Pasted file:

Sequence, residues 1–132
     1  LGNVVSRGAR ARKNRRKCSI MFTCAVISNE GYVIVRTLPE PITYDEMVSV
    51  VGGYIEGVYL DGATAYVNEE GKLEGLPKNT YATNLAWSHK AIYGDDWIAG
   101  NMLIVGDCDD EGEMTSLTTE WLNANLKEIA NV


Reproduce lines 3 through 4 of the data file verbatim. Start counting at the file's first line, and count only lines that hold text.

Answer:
    51  VGGYIEGVYL DGATAYVNEE GKLEGLPKNT YATNLAWSHK AIYGDDWIAG
   101  NMLIVGDCDD EGEMTSLTTE WLNANLKEIA NV